Overseas travellers ignore economic downturn
HCM CITY — Outbound tourism remains in good health, with millions travelling out of the country each year despite the protracted economic woes.
The HCM City Culture, Sport and Tourism Department said last year some 470,000 people visited Cambodia while 500,000 each went to Thailand, Singapore and Malaysia.
Around 215,000 tourists chose to travel with the city's top 10 travel firms, it said.
Viet Nam, especially HCM City, had become key markets for many countries in the region, it added.
Vu The Binh, head of the Viet Nam Society of Travel Agents (VISTA), was quoted as saying by the Sai Gon Economic Times that tour operators have enough customers for airlines even if they double the number of flights to Malaysia and Singapore.
State-owned Vietravel said it had 700,000 customers for its outbound tours last year, year-on-year up by 25 per cent.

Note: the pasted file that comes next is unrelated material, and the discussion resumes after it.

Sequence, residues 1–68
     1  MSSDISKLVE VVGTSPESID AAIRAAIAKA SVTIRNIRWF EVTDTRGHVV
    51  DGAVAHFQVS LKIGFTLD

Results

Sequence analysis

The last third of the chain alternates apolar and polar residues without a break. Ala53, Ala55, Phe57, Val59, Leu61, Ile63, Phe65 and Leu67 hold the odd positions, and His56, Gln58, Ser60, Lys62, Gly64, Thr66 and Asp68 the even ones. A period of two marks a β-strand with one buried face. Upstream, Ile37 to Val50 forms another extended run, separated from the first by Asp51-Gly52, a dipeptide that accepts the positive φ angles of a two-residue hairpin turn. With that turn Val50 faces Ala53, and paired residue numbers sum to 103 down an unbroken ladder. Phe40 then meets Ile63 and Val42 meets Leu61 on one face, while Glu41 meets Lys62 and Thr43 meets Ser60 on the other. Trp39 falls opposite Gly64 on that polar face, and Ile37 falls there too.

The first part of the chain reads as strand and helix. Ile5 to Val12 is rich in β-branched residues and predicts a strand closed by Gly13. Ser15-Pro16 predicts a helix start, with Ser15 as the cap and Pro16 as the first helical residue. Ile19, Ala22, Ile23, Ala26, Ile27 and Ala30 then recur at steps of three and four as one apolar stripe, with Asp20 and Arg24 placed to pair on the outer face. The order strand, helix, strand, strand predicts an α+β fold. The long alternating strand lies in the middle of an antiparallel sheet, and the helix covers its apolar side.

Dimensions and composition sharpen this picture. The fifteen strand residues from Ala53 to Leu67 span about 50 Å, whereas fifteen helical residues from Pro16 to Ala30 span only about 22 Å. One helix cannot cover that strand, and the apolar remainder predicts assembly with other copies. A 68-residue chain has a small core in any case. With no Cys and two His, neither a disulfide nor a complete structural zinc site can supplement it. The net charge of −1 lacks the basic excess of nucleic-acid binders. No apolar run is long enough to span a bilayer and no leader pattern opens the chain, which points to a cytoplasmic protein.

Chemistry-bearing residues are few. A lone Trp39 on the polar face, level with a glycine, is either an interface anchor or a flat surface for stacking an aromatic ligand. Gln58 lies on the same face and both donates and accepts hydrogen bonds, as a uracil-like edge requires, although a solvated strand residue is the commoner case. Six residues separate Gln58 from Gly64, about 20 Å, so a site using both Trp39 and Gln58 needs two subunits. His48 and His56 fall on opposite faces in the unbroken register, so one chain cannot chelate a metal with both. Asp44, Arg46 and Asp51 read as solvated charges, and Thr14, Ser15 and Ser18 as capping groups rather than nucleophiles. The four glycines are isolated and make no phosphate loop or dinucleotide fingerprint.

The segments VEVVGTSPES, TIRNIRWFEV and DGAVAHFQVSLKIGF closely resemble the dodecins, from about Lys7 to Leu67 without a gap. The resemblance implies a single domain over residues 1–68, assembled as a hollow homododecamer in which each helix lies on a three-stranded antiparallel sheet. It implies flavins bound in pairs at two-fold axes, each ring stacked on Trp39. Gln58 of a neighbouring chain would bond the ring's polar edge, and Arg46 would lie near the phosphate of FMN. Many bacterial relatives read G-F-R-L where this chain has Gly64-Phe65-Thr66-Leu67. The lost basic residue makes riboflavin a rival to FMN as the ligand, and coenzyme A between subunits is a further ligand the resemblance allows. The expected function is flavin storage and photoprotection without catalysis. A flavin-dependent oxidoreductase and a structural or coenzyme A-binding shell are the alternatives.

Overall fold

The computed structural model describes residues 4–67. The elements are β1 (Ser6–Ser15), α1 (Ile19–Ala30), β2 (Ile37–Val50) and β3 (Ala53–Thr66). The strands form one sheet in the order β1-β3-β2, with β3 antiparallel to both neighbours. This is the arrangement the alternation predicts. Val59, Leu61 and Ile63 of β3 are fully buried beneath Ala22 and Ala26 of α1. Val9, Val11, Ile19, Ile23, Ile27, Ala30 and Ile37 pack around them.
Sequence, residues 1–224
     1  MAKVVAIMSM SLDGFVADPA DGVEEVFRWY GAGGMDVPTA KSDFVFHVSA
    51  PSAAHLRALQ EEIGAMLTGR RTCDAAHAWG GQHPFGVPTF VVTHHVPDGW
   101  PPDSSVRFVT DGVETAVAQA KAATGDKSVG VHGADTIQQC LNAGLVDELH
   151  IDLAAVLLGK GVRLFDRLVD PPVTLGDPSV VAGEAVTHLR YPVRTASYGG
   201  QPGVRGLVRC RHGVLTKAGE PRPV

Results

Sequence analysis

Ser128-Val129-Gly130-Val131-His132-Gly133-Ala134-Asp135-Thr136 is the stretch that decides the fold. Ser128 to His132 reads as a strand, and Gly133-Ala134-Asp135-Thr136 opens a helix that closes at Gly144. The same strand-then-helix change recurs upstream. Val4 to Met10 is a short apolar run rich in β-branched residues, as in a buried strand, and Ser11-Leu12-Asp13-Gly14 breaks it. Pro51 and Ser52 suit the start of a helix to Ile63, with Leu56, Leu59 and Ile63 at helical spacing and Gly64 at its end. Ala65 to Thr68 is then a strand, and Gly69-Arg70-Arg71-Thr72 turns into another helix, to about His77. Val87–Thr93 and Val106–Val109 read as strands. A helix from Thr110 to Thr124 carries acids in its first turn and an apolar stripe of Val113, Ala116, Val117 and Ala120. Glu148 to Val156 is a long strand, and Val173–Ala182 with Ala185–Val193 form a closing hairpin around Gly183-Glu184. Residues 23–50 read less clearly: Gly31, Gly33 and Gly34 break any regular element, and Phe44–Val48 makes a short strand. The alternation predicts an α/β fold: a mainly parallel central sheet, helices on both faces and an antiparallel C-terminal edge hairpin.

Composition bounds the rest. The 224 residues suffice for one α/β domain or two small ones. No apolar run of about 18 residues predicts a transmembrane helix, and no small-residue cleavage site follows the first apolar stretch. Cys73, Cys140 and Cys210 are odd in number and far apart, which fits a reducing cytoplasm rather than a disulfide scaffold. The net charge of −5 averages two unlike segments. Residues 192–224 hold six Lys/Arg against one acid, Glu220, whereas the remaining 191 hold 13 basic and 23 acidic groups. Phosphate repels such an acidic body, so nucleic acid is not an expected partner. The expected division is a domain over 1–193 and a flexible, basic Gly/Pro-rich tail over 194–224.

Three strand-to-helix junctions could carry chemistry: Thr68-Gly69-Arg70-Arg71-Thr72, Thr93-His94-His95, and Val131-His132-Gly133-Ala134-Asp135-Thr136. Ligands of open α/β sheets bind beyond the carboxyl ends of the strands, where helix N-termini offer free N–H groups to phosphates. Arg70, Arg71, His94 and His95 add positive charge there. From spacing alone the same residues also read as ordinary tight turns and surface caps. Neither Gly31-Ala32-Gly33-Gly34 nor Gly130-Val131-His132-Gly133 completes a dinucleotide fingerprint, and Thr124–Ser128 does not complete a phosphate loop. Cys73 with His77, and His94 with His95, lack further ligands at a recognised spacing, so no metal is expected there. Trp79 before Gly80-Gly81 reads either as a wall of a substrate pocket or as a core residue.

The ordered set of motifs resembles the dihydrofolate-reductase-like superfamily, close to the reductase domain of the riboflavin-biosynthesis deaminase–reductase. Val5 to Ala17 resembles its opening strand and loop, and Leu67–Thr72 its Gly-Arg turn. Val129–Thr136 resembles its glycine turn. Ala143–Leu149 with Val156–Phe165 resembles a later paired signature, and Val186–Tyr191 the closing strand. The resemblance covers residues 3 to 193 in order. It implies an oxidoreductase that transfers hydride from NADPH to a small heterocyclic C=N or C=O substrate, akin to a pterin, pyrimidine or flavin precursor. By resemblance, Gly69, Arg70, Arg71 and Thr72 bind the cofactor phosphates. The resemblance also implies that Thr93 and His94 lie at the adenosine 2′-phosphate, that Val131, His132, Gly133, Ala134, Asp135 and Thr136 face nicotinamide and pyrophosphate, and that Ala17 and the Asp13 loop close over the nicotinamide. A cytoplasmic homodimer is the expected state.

Nguyen Minh Man, deputy director of Vietravel's marketing and communication department, said: "Our tours to Cambodia, Thailand, and Malaysia continued to develop at a stable rate. The number of visitors to the US, Japan, South Korea and Egypt doubled last year."
According to VISTA figures, there are around 1,000 travel agents in the country now, with 70 per cent of them offering outbound tours.
The business was worth VND658 billion (US$31 million) Saigontourist and VND1.4 trillion ($66 million) to Vietravel, the two biggest players.
Insiders are confident it would continue to grow this year despite the continuing economic problems, explaining it is due to cheap prices and good service.
While foreign companies organised a slew of promotions, prices of domestic tours were very high, analysts said.
A senior Vietravel official said that was why fewer people chose domestic travel, pointing out that HCM City tours to Cambodia and Vung Tau cost the same.
Tour operators also blamed the lack of close co-operation among the transport and hospitality industries and the Government in Viet Nam that enables foreign countries to offer cheap tours.
Binh said that without co-ordinated top-down management, Vietnamese tourism can not offer cheap prices or high quality. — VNS